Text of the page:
VISIT THE SCHOOLS:
Each school has a culture and visit them see how you fit in. Again not only do the cities the schools are located in have an impact on your experience, but how you feel about the school is going to matter a lot more than what U.S. News or some blowhard on the internet like me thinks. I imagine both campuses are beautiful, but I have never set foot on either one. The aesthetics alone are only one thing to consider talk to the professors you will have first year see if you like them or not. The professors are who will help you out and who will teach you the law. If the property professor at Georgetown is an awful human being, that you couldn't stand to be in a room with for a minute it is going to be a long semester. You probably will do poorly in the class, won't get a reference etc. (I have no idea who the property professor just making hypo I'm sure whoever teaches there is great)
It is very possible that you may hate the hypothetical professor, but someone else may love them there are quite a few difference of opinions on personalities, teaching style, and so forth. What someone else loves you may hate and vice versa so visit these schools talk to professors, students, admins, and see if YOU like it.
REALITY OF LEGAL EDUCATION:
No matter where you go first year at any ABA school will consist of the following. Torts, Civil Procedure, Contracts, Property, LRW, Criminal Law, Con Law, Crim Pro. There may be variations, but you will take at least 5 of those courses during first year. In those courses you will read Supreme Court cases out of the same textbook and Palsgraff in Torts, Hadley v. Baxendale in Contracts, Miranda in Crim Pro, Pennoyer in Civil Procedure will be taught in every law school classroom from Harvard to Cooley.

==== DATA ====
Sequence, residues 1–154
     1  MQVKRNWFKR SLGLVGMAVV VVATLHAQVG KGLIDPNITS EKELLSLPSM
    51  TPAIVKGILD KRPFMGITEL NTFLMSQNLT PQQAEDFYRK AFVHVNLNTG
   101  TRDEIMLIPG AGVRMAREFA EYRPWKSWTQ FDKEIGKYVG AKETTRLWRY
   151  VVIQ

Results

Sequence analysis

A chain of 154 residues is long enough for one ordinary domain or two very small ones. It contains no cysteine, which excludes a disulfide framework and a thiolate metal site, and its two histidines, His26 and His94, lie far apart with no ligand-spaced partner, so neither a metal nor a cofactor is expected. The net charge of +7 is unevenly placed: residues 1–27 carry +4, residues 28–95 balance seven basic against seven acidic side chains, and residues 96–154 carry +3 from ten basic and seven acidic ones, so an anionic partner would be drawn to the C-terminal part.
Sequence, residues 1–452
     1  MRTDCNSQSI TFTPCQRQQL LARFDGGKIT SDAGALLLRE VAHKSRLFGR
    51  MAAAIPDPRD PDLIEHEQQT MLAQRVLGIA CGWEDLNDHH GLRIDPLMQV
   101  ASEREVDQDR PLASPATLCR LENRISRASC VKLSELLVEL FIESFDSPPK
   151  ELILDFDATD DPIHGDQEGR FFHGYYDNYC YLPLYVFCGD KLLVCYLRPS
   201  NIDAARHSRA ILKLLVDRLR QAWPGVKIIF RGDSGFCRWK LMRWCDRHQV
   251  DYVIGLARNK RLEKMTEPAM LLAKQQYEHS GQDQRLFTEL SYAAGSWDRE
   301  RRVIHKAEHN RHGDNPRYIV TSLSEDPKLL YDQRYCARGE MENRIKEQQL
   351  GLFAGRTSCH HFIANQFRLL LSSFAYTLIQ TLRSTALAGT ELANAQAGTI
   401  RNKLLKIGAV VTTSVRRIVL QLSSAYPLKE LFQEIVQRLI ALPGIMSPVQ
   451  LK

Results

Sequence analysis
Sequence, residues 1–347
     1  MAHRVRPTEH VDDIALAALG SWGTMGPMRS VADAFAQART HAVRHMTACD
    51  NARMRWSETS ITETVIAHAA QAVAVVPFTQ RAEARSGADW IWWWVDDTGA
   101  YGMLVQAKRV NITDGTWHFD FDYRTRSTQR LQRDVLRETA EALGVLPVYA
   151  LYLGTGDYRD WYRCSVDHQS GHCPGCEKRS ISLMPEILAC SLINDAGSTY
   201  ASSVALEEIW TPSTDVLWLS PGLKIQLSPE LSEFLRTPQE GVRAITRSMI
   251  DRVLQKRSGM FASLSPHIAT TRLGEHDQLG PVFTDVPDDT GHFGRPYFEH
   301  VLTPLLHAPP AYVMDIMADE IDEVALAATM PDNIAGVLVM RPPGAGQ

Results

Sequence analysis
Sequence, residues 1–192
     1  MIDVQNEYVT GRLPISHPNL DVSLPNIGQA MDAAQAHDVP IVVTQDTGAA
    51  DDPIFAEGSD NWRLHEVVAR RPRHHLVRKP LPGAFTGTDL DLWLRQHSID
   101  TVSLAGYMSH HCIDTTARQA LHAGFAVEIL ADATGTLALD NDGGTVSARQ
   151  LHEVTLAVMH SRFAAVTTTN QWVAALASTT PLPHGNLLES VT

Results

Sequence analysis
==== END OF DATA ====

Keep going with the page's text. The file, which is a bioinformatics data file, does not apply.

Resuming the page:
The point is the education is more or less the same at every ABA school.
One thing that is universal at every school, in ever location, no matter how much you love or hate the school is debt. 100,000 dollars is the cost of a J.D. and this 100,000 is accruing interest while your in school and during your career. It is very real so see if you can get scholarships, if one is cheaper, or if you can get a full scholarship to a different school. Really consider the relative costs of the schools I don't know what they are, but you could easily figure it out.
No anonymous internet poster (myself included), U.S. News, or anyone else could possible tell you what the best decision for YOU is. There is no right answer and choosing a law school is a difficult choice and no matter where you go you will ask yourself what if I went to X or Y.
Anyone that claims to know what is best for you should be discarded immediately particularly if they are an anonymous internet poster who has never met you. Whatever school you end up attending will result in a 3 year commitment of YOUR life, 100,000 of YOUR money, and YOUR legal career. This choice will have ramifications on the rest of YOUR life so don't let people who have never met you impact your decision.
Good luck whatever you decide and despite my good intentions in this post everything I said could be 100% wrong. I am nothing more than anonymous internet poster killing time on a break.